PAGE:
• Simple tasks like washing dishes or taking the garbage out can hurt your back if your spine is bent out of shape.
  • Bending and lifting improperly can cause injury to your back. Engaging your abs to support your back will help prevent this. Don’t bend at your waist, instead bend your knees and keep your back straight. Keep objects close to you, if they’re far away from your body, it puts stress on your back. Don’t pivot, turn, or twist when you are lifting. Instead, point your feet at the item you’re lifting and face it as you pick it up. Change direction with your feet, not your waist. Holding an item higher than your armpit or lower than your knees will add strain to your back.
  • Simple tasks like sitting at work, driving, or sitting in front of the television can hurt your back. The discs in your spine have poor blood supply and when you move, fluid circulates through the disks. When you sit still the fluid is wrung out, depriving disks of nutrition. Sitting puts more pressure on your spine than lying down or standing up. Too much time spent sitting is hard on your back and neck and can do long term damage.

Chiropractic care can help with back pain, give us a call at Cross Valley Chiropractic at 570-822-4848.

Why Seek Out Chiropractic Treatment?

Chiropractors may be sought for adjustments or aligning vertebrae for preventative care. Others may want help with managing serious pain resulting from conditions such as whiplash or scoliosis. The goal is to help return you to your prior state of health and then see if you have any further problems. You can also seek out regular preventative maintenance that can range from weekly to monthly visits, or visits every few months.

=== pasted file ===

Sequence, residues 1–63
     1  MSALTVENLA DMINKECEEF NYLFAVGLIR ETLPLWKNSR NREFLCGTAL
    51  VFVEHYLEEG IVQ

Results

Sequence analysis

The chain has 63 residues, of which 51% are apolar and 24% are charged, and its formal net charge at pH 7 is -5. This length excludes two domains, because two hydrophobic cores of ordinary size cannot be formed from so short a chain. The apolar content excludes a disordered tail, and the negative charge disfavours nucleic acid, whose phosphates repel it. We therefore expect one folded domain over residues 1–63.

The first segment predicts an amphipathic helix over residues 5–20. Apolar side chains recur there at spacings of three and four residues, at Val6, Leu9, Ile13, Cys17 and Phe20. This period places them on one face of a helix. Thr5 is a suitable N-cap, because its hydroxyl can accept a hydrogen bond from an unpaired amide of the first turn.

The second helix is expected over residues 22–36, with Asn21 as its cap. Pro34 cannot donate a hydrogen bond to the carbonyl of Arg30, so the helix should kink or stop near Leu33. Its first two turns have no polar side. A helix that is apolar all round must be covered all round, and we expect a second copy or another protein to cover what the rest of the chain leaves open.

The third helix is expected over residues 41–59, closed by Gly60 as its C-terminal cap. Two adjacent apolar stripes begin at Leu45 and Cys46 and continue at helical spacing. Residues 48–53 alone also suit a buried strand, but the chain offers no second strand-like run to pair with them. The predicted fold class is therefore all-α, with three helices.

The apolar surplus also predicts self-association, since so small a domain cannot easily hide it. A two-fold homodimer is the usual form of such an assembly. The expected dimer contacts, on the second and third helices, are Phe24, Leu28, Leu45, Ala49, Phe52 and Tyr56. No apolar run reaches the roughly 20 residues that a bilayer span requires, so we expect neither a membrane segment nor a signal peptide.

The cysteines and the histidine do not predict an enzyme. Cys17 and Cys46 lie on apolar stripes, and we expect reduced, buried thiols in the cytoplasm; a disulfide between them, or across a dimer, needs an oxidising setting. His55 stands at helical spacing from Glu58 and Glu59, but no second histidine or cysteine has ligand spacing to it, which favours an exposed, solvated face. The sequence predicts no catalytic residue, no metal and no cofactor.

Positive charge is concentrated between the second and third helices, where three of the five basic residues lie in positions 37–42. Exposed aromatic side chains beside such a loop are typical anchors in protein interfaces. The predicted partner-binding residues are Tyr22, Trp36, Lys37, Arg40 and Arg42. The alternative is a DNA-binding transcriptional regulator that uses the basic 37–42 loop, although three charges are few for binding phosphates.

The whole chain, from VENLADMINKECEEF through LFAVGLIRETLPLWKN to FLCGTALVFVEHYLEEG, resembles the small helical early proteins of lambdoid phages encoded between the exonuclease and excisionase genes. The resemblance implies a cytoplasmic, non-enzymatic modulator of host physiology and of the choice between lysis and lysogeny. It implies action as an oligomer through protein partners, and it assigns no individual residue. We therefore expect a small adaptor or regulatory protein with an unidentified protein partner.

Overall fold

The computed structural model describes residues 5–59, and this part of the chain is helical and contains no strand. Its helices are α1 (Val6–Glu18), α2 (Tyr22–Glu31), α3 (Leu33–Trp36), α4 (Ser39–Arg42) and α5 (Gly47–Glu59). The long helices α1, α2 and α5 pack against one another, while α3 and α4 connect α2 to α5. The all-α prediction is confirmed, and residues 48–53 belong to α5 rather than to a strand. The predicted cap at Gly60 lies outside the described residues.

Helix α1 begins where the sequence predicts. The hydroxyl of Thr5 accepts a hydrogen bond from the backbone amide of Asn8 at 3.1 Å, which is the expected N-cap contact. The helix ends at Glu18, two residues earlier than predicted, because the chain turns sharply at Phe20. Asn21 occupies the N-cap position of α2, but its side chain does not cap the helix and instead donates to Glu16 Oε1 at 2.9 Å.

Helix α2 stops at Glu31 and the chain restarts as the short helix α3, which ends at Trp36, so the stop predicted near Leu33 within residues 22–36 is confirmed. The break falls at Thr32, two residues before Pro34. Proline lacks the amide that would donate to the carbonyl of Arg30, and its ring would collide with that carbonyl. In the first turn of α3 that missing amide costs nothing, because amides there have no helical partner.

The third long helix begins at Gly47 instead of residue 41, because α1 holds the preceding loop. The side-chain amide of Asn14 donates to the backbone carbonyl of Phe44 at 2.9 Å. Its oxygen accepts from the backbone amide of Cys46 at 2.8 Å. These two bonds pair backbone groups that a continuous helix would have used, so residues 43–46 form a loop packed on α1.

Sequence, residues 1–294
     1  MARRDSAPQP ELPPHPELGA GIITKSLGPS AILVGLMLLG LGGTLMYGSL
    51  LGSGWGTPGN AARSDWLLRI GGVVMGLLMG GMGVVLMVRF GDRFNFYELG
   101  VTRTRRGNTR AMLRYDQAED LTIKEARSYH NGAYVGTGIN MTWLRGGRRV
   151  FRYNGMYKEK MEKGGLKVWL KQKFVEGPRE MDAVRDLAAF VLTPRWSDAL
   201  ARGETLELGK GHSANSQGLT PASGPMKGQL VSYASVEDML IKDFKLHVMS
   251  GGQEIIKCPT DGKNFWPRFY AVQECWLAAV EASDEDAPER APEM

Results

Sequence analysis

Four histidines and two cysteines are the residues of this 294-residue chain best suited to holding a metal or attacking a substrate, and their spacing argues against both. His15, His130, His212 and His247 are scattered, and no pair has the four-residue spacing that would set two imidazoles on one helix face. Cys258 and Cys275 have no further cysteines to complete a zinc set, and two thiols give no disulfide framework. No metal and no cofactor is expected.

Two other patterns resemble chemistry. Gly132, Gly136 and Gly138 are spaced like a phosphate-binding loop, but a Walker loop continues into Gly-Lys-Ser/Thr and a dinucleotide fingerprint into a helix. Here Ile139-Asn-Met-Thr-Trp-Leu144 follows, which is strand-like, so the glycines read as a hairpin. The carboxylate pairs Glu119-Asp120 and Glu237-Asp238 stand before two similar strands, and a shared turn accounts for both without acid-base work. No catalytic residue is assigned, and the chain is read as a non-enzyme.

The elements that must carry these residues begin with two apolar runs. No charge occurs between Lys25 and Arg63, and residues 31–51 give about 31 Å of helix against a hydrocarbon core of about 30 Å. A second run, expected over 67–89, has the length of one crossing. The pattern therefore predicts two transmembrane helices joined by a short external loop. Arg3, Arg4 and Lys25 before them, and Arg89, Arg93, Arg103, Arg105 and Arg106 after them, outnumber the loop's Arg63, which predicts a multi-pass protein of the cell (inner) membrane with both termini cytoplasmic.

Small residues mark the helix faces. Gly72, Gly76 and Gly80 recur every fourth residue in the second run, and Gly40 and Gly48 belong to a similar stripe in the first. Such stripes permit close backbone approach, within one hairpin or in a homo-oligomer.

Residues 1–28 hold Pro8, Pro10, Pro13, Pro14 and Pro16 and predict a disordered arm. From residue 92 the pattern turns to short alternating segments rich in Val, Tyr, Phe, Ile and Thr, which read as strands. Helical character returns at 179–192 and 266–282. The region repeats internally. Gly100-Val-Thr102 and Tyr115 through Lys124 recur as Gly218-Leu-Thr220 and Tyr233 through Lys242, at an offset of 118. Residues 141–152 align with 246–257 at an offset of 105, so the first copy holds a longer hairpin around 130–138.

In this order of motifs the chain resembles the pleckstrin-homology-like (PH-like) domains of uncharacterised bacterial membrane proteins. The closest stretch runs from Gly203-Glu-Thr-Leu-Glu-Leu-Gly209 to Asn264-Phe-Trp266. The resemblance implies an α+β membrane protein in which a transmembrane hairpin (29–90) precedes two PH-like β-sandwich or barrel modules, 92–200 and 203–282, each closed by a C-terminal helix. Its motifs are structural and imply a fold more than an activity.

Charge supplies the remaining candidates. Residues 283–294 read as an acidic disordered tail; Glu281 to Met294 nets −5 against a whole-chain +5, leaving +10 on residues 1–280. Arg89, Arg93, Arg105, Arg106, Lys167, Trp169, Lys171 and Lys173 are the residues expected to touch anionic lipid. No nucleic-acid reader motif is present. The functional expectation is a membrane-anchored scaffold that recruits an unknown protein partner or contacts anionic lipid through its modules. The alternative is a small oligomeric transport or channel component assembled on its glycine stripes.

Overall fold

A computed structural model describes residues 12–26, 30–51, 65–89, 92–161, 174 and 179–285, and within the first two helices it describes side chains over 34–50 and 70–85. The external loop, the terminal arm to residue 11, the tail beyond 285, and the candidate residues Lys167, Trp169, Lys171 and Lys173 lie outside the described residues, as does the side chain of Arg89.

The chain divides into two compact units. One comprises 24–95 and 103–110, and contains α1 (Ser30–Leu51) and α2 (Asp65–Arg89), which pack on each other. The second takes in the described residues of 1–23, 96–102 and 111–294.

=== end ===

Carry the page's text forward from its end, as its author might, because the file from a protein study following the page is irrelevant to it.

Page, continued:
Chiropractors can treat common back and neck pain in a few sessions. Depending on your individual condition and any underlying factors, you may need frequent visits. Previous injuries can affect treatment times, along with any care and rehabilitation you may have received.

Hours at a computer and not enough exercise will contribute to common back and neck pain. Regular adjustments can prevent problems like these. Serious pain requires more intensive chiropractic treatment. This means two to three adjustments a week, but the number of adjustments will gradually decrease as your condition gets better. Meaning the amount of time that you see your chiropractor depends on your condition and how severe the damage is to your body, and your level of pain combined with how well your body responds to chiropractic care.

You can see improvements within a few weeks, if you don’t, the treatment is likely not working and you may need to consider other options, either by evaluation from a medical doctor or even seeing a different chiropractor who uses a different approach to see if that will work better for you.

It is hard to know how many treatments you may need in advance, so your treatment plan should be adjusted as your treatments progress.